My two cents: Many Illinois pharmacies are at breaking point

SHARE My two cents: Many Illinois pharmacies are at breaking point

Pharmacist John Endris prepares a prescription at the Complete Care Pharmacy in Springfield, Ill., Friday, Sept. 30, 2005. (AP Photo/Seth Perlman)

You can’t buy much with two cents, but I can tell you as a pharmacy owner, that many of us make do with just that every day. Our razor-thin profit margins exist especially in Illinois because of the litany of cost mandates at federal, state, and local levels that result in employee reductions, slow business growth, or worse.

We are at our breaking point.


The two cents is called “net profit” and the average local pharmacy owner makes just that from every dollar. The remaining 98 cents goes toward expenses ranging from the cost of goods to labor.

Average pharmacy owners pay the same amount for taxes as they net in profit. If this continues, pharmacy owners could find that they are paying more into taxes than they receive in take-home profit, which could mean that their businesses are no longer sustainable.

Pharmacies in Illinois had their bottom lines cut most recently in 2012 with a 3 percent across-the-board reduction in Medicaid pharmacy reimbursement. This came after the Illinois pharmacy community worked with the state to achieve an annual savings of at least $46 million. This is disturbing because Medicaid reimburses pharmacies at rates less than they might pay for their inventory. It also sent a terrible signal to those who try to work proactively with the state to help them solve problems. According to the National Association of Chain Drug Stores, Illinois ranked 48th in Medicaid payments in 2015.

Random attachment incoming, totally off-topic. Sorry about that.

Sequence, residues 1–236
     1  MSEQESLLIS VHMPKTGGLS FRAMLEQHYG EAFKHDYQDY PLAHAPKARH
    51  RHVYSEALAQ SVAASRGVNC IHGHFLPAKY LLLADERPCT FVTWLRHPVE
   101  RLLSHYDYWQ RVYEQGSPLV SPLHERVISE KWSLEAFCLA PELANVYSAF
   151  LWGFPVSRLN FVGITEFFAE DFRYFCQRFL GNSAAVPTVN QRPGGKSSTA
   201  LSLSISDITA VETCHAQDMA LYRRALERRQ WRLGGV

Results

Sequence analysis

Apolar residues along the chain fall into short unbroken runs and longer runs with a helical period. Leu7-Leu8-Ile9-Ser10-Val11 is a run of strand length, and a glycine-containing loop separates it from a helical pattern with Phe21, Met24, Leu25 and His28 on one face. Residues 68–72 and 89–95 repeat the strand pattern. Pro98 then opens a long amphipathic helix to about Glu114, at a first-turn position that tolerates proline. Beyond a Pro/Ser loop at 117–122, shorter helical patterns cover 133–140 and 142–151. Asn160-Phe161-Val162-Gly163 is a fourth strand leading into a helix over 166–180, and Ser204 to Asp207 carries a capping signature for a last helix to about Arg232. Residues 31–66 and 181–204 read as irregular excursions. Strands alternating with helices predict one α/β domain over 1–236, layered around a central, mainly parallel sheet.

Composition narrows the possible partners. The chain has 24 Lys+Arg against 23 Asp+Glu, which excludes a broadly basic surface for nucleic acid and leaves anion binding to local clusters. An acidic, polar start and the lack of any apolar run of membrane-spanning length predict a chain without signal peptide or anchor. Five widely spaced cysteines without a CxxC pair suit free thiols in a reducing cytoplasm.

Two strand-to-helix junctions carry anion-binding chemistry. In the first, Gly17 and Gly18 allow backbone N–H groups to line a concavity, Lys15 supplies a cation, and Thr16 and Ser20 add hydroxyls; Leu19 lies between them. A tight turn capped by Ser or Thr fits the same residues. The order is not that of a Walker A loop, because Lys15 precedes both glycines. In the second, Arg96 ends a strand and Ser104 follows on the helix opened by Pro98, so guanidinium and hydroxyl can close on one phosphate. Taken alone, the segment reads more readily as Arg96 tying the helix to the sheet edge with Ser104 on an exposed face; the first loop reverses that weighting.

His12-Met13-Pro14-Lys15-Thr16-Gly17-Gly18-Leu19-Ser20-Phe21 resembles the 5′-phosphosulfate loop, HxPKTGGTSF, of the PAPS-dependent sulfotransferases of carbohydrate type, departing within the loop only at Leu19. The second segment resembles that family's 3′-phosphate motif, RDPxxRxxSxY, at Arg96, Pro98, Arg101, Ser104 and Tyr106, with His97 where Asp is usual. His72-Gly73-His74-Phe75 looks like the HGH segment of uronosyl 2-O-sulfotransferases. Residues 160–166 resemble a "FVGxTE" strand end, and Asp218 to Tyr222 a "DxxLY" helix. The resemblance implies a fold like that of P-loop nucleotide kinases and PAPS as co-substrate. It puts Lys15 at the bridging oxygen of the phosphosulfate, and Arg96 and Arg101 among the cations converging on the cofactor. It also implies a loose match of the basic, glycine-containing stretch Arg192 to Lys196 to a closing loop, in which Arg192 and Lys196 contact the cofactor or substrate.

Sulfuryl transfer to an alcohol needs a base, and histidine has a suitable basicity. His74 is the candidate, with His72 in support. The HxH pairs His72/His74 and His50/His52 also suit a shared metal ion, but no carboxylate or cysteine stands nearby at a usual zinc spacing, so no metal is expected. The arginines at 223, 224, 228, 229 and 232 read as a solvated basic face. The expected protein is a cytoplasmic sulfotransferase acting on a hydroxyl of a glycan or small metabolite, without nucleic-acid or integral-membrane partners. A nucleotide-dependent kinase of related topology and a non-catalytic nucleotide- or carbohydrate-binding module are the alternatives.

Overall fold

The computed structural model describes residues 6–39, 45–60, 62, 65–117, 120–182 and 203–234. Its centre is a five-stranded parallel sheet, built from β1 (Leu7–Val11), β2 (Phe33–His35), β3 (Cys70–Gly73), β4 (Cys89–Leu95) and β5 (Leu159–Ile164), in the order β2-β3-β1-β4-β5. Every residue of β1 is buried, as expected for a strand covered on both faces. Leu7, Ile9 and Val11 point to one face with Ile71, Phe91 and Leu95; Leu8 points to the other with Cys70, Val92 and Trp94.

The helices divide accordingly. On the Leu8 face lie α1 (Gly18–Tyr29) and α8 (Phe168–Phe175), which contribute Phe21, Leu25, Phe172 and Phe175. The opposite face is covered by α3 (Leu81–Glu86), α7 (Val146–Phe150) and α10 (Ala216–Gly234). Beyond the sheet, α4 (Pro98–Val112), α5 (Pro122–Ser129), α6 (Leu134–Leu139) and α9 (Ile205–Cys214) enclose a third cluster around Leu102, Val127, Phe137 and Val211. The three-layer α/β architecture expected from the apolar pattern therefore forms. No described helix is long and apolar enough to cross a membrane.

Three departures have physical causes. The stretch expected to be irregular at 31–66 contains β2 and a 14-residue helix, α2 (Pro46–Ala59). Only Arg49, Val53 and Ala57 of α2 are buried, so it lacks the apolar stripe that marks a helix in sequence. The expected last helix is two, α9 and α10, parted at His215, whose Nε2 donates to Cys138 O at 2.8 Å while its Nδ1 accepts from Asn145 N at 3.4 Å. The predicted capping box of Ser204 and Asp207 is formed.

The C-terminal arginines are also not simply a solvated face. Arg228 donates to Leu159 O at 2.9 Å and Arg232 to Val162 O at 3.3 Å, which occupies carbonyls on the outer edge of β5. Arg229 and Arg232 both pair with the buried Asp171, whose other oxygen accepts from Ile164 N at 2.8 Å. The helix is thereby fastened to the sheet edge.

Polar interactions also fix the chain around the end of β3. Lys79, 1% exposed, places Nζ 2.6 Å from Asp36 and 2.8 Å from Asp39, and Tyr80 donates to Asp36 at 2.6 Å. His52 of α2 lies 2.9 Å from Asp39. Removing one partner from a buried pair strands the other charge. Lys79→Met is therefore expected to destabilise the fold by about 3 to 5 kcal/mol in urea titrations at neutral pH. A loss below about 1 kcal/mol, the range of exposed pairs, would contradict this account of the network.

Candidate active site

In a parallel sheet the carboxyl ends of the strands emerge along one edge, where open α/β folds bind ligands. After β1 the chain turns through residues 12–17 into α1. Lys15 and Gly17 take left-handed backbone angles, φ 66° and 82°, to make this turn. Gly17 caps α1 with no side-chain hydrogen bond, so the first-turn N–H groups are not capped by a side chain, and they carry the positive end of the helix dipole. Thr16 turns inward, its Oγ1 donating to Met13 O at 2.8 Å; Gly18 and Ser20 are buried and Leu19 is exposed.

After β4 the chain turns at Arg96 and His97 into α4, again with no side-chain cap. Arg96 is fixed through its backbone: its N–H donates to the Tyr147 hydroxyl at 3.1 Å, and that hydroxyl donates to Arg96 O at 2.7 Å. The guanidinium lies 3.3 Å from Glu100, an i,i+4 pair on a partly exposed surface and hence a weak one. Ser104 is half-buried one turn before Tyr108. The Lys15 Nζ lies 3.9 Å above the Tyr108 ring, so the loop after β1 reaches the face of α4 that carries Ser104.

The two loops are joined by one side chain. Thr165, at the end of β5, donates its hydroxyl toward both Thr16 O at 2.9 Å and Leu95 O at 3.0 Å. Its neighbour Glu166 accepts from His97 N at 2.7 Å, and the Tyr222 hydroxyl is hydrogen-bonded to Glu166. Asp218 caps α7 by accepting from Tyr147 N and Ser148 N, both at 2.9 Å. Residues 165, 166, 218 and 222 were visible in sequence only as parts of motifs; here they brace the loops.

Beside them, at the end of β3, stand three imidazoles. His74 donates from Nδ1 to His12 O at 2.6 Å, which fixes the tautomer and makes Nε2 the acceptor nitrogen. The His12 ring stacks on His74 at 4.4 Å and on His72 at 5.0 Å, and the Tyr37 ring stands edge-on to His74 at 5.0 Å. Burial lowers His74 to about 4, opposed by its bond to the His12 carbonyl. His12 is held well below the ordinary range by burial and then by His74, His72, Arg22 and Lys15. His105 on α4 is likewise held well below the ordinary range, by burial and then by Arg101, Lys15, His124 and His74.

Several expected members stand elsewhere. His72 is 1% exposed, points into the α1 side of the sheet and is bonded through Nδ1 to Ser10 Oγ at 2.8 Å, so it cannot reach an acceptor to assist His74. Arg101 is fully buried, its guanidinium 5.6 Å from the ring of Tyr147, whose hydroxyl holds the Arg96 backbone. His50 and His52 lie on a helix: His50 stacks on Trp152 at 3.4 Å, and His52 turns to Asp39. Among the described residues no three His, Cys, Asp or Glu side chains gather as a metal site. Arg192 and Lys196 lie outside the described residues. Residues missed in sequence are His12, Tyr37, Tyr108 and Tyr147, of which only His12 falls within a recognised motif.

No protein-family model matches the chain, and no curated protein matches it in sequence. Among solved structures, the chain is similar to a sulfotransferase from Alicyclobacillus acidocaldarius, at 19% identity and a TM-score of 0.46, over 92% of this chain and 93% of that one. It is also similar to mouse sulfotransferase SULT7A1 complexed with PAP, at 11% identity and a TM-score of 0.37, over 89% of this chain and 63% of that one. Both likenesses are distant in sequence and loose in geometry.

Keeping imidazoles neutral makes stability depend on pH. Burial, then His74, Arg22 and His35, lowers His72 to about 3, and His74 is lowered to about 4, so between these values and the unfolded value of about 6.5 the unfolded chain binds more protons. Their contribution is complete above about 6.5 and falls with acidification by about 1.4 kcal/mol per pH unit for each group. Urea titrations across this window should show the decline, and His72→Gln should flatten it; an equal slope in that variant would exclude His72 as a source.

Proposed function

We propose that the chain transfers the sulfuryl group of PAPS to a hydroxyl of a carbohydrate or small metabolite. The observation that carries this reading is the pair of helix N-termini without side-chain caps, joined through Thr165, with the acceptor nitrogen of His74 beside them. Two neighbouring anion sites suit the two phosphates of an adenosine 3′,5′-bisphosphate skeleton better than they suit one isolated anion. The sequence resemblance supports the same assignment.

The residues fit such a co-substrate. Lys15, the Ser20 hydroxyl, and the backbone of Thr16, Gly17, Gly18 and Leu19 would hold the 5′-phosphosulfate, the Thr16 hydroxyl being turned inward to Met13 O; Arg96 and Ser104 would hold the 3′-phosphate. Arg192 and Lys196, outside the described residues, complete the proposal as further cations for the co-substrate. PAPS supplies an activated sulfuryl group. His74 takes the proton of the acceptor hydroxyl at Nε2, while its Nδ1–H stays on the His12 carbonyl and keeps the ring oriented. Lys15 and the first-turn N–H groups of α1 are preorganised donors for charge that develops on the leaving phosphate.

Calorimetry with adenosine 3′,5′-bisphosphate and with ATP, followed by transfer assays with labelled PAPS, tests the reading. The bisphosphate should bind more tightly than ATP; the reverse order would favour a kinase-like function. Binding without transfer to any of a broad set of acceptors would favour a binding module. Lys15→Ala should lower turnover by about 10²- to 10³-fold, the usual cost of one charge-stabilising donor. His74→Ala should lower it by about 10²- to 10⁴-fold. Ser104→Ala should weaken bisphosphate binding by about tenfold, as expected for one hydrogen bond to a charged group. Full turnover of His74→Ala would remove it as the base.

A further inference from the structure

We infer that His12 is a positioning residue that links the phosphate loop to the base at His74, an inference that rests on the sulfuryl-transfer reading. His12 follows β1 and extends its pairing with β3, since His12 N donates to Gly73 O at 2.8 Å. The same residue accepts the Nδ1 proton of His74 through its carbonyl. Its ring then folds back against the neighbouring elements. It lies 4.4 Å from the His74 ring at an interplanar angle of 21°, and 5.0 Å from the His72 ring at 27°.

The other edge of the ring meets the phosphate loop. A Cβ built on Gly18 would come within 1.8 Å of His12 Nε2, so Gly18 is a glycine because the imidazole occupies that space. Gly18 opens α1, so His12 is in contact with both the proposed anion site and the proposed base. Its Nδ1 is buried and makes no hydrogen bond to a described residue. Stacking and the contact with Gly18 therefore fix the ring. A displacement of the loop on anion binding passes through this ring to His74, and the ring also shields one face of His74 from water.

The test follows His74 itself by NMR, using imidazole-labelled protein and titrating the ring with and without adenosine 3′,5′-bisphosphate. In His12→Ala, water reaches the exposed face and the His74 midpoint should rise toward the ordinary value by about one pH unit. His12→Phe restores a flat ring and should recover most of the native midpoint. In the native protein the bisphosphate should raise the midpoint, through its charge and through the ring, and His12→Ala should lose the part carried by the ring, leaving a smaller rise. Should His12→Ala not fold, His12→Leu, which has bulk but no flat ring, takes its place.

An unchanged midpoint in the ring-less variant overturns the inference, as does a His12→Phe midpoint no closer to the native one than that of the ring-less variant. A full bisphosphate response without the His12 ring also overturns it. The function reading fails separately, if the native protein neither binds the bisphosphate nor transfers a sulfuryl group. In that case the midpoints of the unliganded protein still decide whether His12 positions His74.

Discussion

To put it simply, pharmacists have done our part, and additional cuts to our businesses would be crippling.

According to Gallup’s annual Honesty and Ethics survey, pharmacists are the second most trusted

profession and provide critical medical care, especially in areas that are medically underrepresented. In rural areas, pharmacies are often the only medical care conveniently available, and yet, policy makers are creating an environment where they cannot be successful.

In the City of Chicago and Cook County, we will soon see one of the highest minimum wages in the

nation, the highest sales tax in the nation, and the highest tobacco taxes in the nation. This is on top of the largest property tax hike in Chicago’s history. Now they are proposing paid leaves, higher gas taxes, and another significant property tax increase.

In Springfield, the burden of compounded taxes and mandates is stifling business. Our wish is to allow Illinois businesses to do what they do best: generate business and generate a significant share of the state’s tax revenue. Pharmacists aren’t asking for special treatment. But policies that lead to reduced hours for workers or layoffs, fewer sales, or closed businesses don’t help our state or local communities. As employers, we don’t see each proposal in isolation. We see the entire landscape, and we are being asked to pay or plan for paying for a wide array of well-intentioned programs. While well-intentioned, their combined effect is suffocating economic growth and opportunity.

It has never been more important to provide an environment that encourages investment by businesses. We need increased revenue sources to combat decades of state and local government spending and pension debt. Allowing local businesses such as pharmacies to run their business without running them dry is the best way to get there.

Dr. Tim Lehan, is a pharmacist/owner of Lehan Drugs, a family-owned pharmacy operating in Dekalb since 1946.

The Latest
Just before 2 a.m., the man, 42, was sitting in a parked vehicle in the 9800 block of South Ellis Avenue when he was shot in the head, Chicago police said.
Too often, insurers deny coverage for genetic tests that have been established as a standard of modern health care and can have a significant impact on people’s lives.
Her boyfriend’s family watched him pop the question, and woman’s aunt is hurt that she wasn’t invited too.
Some Democrats issued statements of strong support for the vice president as the new candidate and others stayed mum, for now — with just weeks to go before the Democratic National Convention kicks off in Chicago on Aug. 19.